Vectrix Yet in Limbo
By Bill Moore
Posted: 28 Aug 2009
"To be or not to be. That is the question," someone at Vectrix must be asking themselves. Their websites are back up and their telephones are ringing; at least you can leave voice mail, which I did for Buzz Alexander in media relations.
Last month, the company was closing down operations both here in the US and at its production facilities in Poland. The report circulating then was that the company would file for bankruptcy within 30 days, which has now come and gone. The local BMW motorcycle dealer here in Omaha that is also an erstwhile Vectrix dealer was recently told by a larger dealer in California that the company has not yet filed. The speculation, fed by Vectrix sales, is that "one or two" individuals or groups are looking at picking up the company, though the assumption had been they'd wait until after the company declared bankruptcy.
So far, there has been no word on possible negotiations or legal filings, effectively meaning Vectrix is in limbo. What is known is that the company isn't supplying replacement parts or honoring warranties and that dealers are having to canabalize machines for spare parts. Still, they are being advised to "not do anything rash," according to BMW Motorcycles of Omaha's Jim Gaston.
As we await news on the fate of the company, EV World received the following email from an engineer who formerly worked for Vectrix offering his inside perspective on the company and its woes. He asked to remain anonymous since there are outstanding financial obligations that need to be resolved between himself and Vectrix. Assuming someone does rescue Vectrix, they would do well to need his advice.
Being first, like the Xerox, had little to do with the success or (in this case) failure of Vectrix. In the last few years of the company, the model was to mimic BMW (motorcycles), setting a dealership every 750 miles in the same market as a BMW dealer. There are major reasons why this strategy was doomed to failure. First, people who buy BMWs do not buy scooters. When was the last time you heard of anybody looking to buy a grand touring motorcycles meant for long distance over-the-road trips instead coming home with a scooter with a limited range? Which brings me to the next point that 750 miles is to far between dealers. How is a customer expected to drive his Vectrix home if it is half that distance away? A scooter with a 60 mile (according to literature) battery range and an eight hour time to fully recharge means unless you bring a trailer for you new Vectrix, it is going to take you a full week to get it home. Then there is the issue of where BMW dealers are located, spread out across the US with a large number in the northern tier states. Scooters don't sell well in Minnesota, Michigan, Montana so why concentrate on expanding into that dead market? Why concentrate on the North where the market is only half of the year long or less? Why indeed.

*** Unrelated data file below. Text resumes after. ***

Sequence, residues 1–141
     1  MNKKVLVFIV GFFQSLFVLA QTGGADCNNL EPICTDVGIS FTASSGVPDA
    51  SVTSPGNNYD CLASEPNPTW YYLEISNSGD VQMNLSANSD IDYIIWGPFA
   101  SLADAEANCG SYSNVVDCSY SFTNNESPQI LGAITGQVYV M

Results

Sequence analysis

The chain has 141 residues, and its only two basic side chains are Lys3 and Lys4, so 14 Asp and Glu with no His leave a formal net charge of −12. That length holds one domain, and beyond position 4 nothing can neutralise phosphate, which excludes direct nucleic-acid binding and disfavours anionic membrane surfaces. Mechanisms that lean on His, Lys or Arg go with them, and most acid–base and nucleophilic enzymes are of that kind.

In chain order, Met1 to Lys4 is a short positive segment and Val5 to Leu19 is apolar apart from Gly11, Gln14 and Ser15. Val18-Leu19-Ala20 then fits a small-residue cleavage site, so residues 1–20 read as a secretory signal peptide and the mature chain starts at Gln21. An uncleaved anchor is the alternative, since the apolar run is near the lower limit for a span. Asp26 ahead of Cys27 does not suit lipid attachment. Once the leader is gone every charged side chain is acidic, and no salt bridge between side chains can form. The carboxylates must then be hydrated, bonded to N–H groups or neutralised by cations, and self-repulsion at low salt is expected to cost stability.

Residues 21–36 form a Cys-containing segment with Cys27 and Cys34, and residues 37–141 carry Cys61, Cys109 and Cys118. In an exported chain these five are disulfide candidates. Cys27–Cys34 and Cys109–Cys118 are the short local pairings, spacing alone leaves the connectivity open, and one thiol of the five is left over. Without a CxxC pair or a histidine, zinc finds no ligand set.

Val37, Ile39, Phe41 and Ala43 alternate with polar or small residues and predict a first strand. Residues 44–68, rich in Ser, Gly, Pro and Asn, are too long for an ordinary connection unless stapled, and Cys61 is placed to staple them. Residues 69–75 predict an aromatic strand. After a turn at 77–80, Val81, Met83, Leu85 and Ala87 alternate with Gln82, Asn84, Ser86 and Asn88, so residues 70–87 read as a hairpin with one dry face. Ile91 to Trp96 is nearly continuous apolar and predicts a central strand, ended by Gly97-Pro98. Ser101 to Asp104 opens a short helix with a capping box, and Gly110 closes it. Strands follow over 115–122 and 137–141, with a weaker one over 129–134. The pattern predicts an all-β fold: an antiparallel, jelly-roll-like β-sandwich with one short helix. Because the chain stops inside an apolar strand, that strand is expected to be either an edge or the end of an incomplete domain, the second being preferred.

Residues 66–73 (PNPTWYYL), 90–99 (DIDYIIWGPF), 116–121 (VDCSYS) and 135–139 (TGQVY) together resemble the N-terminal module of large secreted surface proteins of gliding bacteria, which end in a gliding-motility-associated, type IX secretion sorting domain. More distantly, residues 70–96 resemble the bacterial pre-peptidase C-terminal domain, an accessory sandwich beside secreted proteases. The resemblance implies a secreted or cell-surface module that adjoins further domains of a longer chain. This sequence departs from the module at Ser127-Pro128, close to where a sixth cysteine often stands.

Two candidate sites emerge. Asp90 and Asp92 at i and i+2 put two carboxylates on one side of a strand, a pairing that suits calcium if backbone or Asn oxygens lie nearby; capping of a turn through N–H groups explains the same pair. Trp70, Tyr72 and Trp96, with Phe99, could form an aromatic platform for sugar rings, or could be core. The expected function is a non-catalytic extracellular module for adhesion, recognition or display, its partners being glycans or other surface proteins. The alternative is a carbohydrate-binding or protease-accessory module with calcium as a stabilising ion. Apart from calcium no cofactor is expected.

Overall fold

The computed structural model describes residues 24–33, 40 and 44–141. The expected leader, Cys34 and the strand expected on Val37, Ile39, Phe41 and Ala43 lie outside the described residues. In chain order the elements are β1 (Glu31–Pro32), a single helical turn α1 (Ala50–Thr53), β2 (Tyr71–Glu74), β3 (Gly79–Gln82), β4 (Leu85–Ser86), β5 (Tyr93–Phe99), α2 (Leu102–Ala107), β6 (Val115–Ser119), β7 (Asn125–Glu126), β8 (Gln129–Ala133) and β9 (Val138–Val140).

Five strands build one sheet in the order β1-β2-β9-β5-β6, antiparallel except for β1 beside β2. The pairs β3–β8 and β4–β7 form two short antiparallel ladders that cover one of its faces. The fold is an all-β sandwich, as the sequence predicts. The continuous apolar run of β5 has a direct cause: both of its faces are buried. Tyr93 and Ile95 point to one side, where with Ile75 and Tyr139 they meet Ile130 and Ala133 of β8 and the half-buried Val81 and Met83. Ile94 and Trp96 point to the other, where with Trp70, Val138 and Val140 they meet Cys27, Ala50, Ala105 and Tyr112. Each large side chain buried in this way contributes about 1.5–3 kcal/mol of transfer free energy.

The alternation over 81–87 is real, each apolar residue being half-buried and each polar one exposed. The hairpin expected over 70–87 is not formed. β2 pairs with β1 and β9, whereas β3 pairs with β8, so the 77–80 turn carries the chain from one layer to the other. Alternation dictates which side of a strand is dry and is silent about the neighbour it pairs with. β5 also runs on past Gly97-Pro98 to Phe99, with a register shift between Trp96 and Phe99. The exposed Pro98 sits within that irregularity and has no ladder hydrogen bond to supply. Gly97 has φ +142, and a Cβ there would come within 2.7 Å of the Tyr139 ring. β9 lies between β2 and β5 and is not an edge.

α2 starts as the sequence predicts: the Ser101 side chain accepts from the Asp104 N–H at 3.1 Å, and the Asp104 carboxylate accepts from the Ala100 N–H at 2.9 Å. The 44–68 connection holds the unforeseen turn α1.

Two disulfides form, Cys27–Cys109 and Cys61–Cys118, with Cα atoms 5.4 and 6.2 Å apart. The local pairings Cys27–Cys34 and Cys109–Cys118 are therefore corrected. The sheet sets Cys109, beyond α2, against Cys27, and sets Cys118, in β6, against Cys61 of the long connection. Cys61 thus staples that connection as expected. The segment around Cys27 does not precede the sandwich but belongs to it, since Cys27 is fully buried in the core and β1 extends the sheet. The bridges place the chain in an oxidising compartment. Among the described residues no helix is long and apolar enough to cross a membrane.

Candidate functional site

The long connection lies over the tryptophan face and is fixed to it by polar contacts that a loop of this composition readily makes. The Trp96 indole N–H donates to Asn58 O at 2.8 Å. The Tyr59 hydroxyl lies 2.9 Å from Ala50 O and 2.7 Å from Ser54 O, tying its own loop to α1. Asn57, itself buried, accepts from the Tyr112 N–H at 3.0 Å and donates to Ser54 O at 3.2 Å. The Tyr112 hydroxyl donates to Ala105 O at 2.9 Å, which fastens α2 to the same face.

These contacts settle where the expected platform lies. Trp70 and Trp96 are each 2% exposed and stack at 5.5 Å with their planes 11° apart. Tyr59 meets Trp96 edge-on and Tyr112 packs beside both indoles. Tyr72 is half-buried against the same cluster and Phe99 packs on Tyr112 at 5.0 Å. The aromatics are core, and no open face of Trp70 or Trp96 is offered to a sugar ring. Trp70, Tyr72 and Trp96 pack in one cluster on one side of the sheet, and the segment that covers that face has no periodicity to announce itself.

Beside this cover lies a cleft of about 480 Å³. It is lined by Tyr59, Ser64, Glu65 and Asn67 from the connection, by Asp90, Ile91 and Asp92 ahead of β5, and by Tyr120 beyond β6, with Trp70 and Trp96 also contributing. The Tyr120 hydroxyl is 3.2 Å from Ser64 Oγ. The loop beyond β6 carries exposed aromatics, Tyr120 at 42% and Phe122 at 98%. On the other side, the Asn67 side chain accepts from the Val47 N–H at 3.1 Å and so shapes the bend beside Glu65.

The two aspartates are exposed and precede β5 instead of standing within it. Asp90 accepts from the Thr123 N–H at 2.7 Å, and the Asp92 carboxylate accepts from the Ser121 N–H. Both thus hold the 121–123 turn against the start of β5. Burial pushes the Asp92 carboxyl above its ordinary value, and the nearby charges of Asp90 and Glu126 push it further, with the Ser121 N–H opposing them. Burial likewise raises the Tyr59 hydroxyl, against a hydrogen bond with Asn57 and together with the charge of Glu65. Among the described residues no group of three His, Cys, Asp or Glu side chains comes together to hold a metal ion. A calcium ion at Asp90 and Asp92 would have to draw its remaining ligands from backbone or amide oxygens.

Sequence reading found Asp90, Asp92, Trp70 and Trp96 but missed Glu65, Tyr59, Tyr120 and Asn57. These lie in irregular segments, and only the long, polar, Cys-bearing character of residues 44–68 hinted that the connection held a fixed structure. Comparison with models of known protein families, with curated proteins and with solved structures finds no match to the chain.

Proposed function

As you pointed out, anybody who rode a Vectrix came away changed by the experience. The product was the best of the two wheeled EV market. It just needed to find its market. If Vectrix wanted to be successful, it should have from the get-go set dealerships in the sunbelt states where the market is year-round, particularly concentrating on coastal regions where scooter sales have traditionally been the highest. This is the market place, this is where the customer lives. Dealerships should be no further than 100 miles from each other or delivery should have been free. This would ensure the bikes would get to the final destination, the customer's home, without nasty letters and angry customers. Since there was a great many unsold scooters on the Vectrix shelf, a scooter should have been placed in every shopping mall within 60 miles of a beach ensuring maximum market saturation. To this day, if I ask a scooter rider if they considered a Vectrix during the purchase process, they respond with "Vectrix, who's that?". Finally, if Vectrix wanted to be successful, the marketing literature should have been truthful about range expectations. Most riders would see a 35 to 45 mile range depending on the rider's style and average speed. The early literature claims of 60 miles was a big point of customer anger and was wholly avoidable.
In the end, none of this matters as it is all too little too late. Nobody with business sense will want to buy Vectrix. The last I heard, the factory in Poland is all but closed with all of the tooling being held ransom by unpaid angry suppliers who were left holding the bag. Any investor would likely have to retool the entire factory, move it to the US where just as many suppliers are angry, and find someplace cheaper than RI and MA to build the company back up. As the Vectrix price is ridiculously high (~$12K) and competitive gas scooters cost $6K (on the high side) and can get 75MPG, gas would have to be well over $10/gallon to make the purchase economically advantageous to the mass market. Production quantities would then have to be limited to a couple of hundred annually to please those that want the 'green' experience. So all of this together means Vectrix is at an end. The market is now left to the next company willing to risk the EV two wheel market. I wish them well.
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